03/05/2007 12:00AM

Dan Smithwick


The fact that Daniel M. "Speedy" Smithwick Jr. is having a successful training career should come as no surprise. He comes from a family of successful horsemen, being a son of D. Michael "Mikey" Smithwick, a Hall of Fame trainer who died last year at age 77, and being a nephew of the late Alfred "Paddy" Smithwick, a Hall of Fame Steeplechase jockey.

But unlike his father and uncle, Smithwick's focus has been on training horses for flat races - at least over the last 15 years. Graded stakes horses Double Found, Zignew, Antespend, Super May, and Ziggy's Act are just some of successful horses that have raced for him.

Many of those top runners came when Smithwick trained for Jack Kent Cooke, a successful horse owner and breeder who also owned at one time the L.A. Lakers and Washington Redskins. It was at Cooke's urging that Smithwick made the switch from training steeplechasers to training flat runners.

His stable is much different than when he trained for Cooke in the early to mid 1990's, but it has been effective, particularly over the Polytrack surface at Turfway Park. Through Sunday, Smithwick had 7 winners from 22 starters at the current Turfway Park meet. That followed a 7-for-17 holiday meet at Turfway, a meet that began in late November and ended Dec. 31.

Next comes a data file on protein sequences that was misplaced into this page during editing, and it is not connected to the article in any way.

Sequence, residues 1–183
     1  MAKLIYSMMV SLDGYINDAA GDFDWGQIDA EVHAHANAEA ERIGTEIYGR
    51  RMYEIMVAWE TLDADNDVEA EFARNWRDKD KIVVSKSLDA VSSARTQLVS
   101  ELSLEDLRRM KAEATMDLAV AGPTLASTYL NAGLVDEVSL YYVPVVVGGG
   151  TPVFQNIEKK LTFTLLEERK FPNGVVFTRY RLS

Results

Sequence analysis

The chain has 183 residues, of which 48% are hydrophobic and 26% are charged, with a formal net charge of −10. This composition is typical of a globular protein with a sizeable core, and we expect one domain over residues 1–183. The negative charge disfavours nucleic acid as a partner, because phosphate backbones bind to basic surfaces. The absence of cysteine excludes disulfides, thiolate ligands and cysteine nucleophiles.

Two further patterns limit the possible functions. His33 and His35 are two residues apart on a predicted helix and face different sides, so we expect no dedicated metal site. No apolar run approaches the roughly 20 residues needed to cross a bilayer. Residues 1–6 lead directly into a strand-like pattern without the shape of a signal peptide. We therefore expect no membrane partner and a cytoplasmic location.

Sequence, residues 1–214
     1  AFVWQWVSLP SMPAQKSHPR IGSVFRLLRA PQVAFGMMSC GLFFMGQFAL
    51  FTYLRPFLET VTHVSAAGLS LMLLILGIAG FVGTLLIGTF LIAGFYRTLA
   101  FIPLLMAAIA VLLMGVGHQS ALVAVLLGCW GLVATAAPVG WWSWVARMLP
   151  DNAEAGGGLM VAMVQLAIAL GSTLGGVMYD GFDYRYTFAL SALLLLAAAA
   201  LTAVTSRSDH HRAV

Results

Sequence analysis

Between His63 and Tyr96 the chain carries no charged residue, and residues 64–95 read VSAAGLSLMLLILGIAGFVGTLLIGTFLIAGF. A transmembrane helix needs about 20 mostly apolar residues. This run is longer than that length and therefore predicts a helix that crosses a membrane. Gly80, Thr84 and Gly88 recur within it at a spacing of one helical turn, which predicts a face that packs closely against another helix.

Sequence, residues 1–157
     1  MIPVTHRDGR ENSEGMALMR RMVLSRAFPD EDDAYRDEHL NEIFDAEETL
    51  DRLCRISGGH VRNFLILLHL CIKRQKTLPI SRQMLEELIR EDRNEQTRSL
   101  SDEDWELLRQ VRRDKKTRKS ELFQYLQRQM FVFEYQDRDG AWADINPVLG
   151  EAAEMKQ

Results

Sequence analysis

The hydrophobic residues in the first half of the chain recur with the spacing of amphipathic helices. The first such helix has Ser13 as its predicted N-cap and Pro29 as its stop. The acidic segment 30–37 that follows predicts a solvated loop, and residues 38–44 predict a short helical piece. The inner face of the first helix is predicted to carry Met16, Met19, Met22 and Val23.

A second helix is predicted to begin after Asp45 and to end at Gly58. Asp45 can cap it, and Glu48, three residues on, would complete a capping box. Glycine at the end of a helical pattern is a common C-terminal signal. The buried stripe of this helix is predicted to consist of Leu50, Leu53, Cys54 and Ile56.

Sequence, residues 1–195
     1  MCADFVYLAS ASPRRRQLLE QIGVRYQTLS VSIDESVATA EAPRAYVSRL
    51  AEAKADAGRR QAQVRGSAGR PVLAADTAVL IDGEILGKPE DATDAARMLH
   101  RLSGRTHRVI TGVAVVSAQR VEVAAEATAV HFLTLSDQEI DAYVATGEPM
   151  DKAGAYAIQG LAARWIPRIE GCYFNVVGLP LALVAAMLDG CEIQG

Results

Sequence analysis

His backers at the betting windows have been rewarded. A $2 wager on each of his current meet starters would have yielded an average return of $2.85, which followed a holiday meet in which his return on investment on a $2 wager was $5.82.

Smithwick said his stable is going strong due to the support of David Ross, a leading owner that races and claims horses across the country. Smithwick also has a number of horses who like racing over Polytrack, with Our Dancing Babe being an example.

Our Dancing Babe has won three straight over Turfway's Polytrack surface, including the Feb. 24 Valdale Stakes at Turfway. She is being pointed to the Grade 3 Bourbonette at Turfway on March 24.

The Bourbonette is not the only major race Smithwick is considering for her. He is excited about running her in a grass stakes race, pointing to a runner-up finish on grass earlier in her career when she was running at Colonial Downs for trainer Ann Merryman. "The ultimate goal is the Virginia Oaks" at Colonial Downs July 21, he said.

The accompanying trainer statistics suggest she merits respect. Smithwick has won with 2 of his last 10 stakes starters, and a bet on each would have generated a profit.

He also shows favorable returns with allowance and claiming horses, dirt runners, horses seeking repeat victories, and with horses returning following short layoffs of 31-60 days.

Smithwick, 47, who rode and trained steeplechasers prior to training flat runners, said there are clear differences between training the two types. In steeplechasing, the horses are typically older and not as quick he said, and they are trained with two-minute licks, as opposed to quick, short drills.

"In some ways it is more difficult to keep them sound," he said of steeplechase horses. "That's why that have a lot of lines in their past performances. You also have a lot more soft tissue injuries than in flat racing."

Smithwick's current stable represents a broad range of runners. Some are allowance horses, others claimers. The latter group could grow more in the months ahead. Ross, he said, "loves the game" and will probably look to claim some horses in Kentucky this spring when the quality of racing picks up at Keeneland and Churchill Downs.